I'll be very interested in what feedback this elicits as well--I suspect that this is a photo that depends on the scale of its output (e.g. a 16x20 print) to "work," especially since the tractor dealership doesn't automatically "pop" at web sizes. FWIW, this would be great vantage point to explore in color--a 75mm lens, a 1:2.5 aspect ratio and "John Deere green" might be a winner.

  9. #249
    Corran's Avatar
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    Re: Your Best Photograph from the Previous Month - Critique and Discussion Encouraged

    The empty sign next to the "Private Property" sign has some potential IMO.

    But your main image - you've got some New Topography vibes in that. The slight clouds on the upper left for me take away a bit. Personally I would prefer to either see no clouds, or a nice set of clouds that add the image.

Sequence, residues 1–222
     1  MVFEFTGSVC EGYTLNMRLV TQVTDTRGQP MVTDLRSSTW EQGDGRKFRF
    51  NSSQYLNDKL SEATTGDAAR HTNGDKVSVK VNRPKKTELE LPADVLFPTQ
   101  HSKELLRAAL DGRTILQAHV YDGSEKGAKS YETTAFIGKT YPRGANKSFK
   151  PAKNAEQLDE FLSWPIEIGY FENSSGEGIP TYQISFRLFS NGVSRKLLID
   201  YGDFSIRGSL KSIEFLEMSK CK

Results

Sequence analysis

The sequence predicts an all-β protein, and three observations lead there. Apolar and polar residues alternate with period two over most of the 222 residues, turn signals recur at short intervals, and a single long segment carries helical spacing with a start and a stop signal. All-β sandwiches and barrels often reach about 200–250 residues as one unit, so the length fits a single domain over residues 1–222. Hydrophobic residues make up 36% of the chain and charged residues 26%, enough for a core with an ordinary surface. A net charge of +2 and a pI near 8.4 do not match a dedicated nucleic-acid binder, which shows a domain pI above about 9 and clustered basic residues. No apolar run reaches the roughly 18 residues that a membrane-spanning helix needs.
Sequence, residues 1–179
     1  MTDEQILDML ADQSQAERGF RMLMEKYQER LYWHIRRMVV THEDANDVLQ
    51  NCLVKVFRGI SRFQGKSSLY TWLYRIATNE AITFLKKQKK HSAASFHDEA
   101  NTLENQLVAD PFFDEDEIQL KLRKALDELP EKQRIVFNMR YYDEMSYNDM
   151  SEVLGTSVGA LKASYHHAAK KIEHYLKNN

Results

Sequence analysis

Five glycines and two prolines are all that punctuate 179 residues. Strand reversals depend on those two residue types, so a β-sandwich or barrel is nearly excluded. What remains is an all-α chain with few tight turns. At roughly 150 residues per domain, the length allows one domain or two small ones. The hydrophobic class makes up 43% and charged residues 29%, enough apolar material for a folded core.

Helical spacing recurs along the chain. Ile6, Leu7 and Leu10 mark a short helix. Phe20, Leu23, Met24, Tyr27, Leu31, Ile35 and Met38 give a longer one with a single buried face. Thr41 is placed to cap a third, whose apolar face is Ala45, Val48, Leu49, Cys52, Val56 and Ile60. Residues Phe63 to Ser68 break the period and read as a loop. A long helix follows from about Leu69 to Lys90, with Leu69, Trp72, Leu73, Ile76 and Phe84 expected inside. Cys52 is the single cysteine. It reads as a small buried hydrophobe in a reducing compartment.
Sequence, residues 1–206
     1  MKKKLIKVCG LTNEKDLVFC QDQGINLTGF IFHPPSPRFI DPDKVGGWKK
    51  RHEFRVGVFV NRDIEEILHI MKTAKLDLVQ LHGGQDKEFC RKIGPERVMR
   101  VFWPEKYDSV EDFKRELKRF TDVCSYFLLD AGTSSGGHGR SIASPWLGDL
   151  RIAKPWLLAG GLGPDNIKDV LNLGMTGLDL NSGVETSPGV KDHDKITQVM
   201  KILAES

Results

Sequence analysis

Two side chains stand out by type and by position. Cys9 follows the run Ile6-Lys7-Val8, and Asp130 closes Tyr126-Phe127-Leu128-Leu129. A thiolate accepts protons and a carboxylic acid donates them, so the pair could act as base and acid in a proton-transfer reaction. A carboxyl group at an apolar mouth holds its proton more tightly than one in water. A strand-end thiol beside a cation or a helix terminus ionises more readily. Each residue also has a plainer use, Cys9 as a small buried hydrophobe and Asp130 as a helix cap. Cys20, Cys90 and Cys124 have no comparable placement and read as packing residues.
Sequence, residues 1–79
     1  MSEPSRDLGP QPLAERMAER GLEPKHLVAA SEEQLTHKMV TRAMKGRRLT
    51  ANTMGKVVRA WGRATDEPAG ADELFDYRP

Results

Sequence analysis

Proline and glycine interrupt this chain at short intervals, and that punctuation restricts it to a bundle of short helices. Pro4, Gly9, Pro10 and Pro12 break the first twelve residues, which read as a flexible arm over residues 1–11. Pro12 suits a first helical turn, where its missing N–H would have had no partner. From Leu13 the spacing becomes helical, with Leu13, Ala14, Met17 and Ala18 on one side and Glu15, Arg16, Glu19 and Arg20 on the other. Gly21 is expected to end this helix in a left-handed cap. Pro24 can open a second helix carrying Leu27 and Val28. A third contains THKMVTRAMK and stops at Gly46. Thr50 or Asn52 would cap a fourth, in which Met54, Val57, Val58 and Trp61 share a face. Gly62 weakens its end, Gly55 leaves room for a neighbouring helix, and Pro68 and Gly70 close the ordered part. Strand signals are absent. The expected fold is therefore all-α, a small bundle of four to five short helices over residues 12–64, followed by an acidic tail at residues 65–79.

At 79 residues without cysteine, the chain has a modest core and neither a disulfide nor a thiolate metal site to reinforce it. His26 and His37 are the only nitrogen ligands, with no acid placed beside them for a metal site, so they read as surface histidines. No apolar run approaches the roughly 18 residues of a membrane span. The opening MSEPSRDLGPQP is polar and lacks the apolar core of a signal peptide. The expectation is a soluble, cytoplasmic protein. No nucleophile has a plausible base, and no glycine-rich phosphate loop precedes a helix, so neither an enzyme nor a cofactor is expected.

Overall I think the image by itself perhaps is not as interesting as a series documenting the area in some way (growth, gentrification, natural vs. manmade, something like that). It seems like that's what you've started with the series of images? I guess the question for me is, what are you trying to show the viewer in this image?
    Bryan | Blog | YouTube | Instagram
    All comments and thoughtful critique welcome

  10. #250

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    Re: Your Best Photograph from the Previous Month - Critique and Discussion Encouraged

    Thanks for the input, CreationBear and Bryan. And thanks, Bryan, for starting this thread—in my opinion, it deserves more traffic than it seems to get.

    CreationBear: your thoughts re: scale and color are interesting, and make a lot of sense. Here's a reference image, taken at the same time with a m4/3 digital camera:
    Click image for larger version. 

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    Bryan: Yeah, I pay attention to several photographers that were part of the New Topographics show. And you're right: as with the work of those photographers (far more skillful than I am at present), what I'm interested in capturing makes little sense as single images.